Name of tool: S-Box Safe@Office
Company name: Sofaware/Checkpoint
Price: Various units, starting at $299
Platforms supported: Browser based, configuration software runs on pretty much anything
*** = Hey, not bad. One notch below very cool Key features:
Firewall with four-port hub and router that is industrial strength Pros:
Simple and easy to use
Powerful and versatile Cons:
Menu structure and setup of various security options are both somewhat obscure
Pricing options are confusing Description:
Protecting your small office or home network when on a broadband Internet connection isn't that difficult. All that is required is to purchase a firewall/hub/router (what I call a frhub) and connect up the computers together. But picking the right frhub isn't easy, especially these days as the field has gotten crowded.
Netgear and Linksys have about a dozen models apiece, and there are numerous other vendors including SMC, Sonicwall and Watchguard. Until now there have been two different markets. One market encompasses products that cost less than $200 and don't really provide much more than a few features (such as Network Address Translation, dynamic IP address services, support for point-to-point protocol over Ethernet). Dlink has come out with one for $50 that is a pretty good product, and for that price you can afford to throw the thing away if your needs change. But the more interesting market segment (especially for this audience) includes those units that cost $500 or more and offer real firewalls and stateful packet inspection and other solid features.
Both types of models come in small boxes that aren't much bigger than a standard hub, and both types make use of standard Web browsers to set up their configuration and manage the devices themselves. Actually, there is a third general category of products as well: those frhubs that include wireless, phoneline or cable/DSL modems as part of the package to cut down on the number of overall pieces of gear needed to support a small network. These are just now coming on the market, too.
Checkpoint's Sofaware division is about to change these segments. They offer a frhub at several different price points ($299, $399, $599 and $1199), yet bridge the gap between features and price. That is important. And given that the company is perhaps the leading firewall vendor, this development is worth paying attention to.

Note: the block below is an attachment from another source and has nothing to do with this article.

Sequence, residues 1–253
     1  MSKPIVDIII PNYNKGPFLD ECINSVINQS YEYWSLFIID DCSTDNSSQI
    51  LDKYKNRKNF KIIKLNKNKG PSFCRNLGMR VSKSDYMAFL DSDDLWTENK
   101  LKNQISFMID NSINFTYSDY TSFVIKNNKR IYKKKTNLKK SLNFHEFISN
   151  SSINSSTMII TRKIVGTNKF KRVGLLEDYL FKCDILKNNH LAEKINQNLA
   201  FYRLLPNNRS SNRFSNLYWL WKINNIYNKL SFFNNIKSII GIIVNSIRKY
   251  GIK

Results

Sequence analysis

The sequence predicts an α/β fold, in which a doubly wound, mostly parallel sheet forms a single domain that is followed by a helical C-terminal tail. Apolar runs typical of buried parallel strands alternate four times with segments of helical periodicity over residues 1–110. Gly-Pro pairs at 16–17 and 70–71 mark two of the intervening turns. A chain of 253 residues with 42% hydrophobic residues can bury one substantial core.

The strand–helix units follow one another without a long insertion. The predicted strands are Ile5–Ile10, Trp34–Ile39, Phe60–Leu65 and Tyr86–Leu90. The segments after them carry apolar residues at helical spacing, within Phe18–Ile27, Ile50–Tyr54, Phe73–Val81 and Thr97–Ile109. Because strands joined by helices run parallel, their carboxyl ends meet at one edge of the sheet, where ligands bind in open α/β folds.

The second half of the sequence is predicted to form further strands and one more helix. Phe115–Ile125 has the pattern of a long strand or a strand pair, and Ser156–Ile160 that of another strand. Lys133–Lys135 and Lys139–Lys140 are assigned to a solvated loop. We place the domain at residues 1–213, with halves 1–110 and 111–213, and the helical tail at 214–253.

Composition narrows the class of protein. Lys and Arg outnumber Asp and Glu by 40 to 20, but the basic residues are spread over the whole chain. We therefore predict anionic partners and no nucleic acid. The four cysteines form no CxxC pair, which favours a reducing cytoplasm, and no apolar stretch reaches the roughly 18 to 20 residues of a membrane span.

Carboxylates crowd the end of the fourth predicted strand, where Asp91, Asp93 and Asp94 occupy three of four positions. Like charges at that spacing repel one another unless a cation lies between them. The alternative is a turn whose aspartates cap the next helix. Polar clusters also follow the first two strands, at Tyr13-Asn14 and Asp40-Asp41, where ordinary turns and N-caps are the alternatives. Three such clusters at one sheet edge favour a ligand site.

The product, called variously the S-box, the Safe@Home, Safe@Office and Intrusion Inc's PDS 500 Series Internet Security Appliance (branding is obviously a big challenge), comes closest in my mind to what Sonicwall is trying to do: provide a solid firewall product in an easy-to-use package. Unlike most of the low-end Sonicwalls, there are four 10/100 Ethernet ports as part of the deal. And unlike the Sonicwall, you can upgrade from the five-machine network license to something bigger without having to swap out your hardware. All you need to do is purchase a new key, and the unit will automatically upgrade itself when you connect to the managed services Web site that Sofaware maintains (or if you buy it from a provider, that the provider maintains).
Unlike some of the lower-end models, you are prompted to set an administrator's password the first time you connect to the box via a browser. This is a good thing and something you would expect from a security company.
Included in part of the security package is antivirus screening for e-mail, a VPN gateway and parental control features, allowing you to block specific kinds of content from reaching your network. All well and good, although I had some problems getting these to work properly and needed to talk to their tech support folks. The trick is that the S-box works in conjunction with a managed services provider, who provisions the potential for various security services on the box. The ultimate network administrator can then enable these via the Web interface. This is a boon for resellers and consultants, but can be vexing for standalone users (there is a way to configure the box for standalone operations, too).
Sofaware's pricing is perhaps the most complex thing about the product. The basic $299 model supports five-node networks. For VPN support, add another $100. The $599 model supports VPNs and 10-node networks, and the $1199 model supports 25 nodes and VPNs. Add another $50 to $250 per year to subscribe to firmware updates and more to replace the unit if stolen or if it dies.
If you can figure out the prices, it is a dandy of a unit and worthy of first choice for a frhub for small offices and home installations.Strom-meter key:
**** = Very cool, very useful
*** = Hey, not bad. One notch below very cool
** = A tad shaky to install and use but has some value.
* = Don't waste your time. Minimal real value. About the author
David Strom is the senior technology editor for VAR Business magazine. He has tested hundreds of computer products over the past two decades working as a computer journalist, consultant and corporate IT manager. Since 1995 he has written a weekly series of essays on Web technologies and marketing called Web Informant. You can send him e-mail at firstname.lastname@example.org.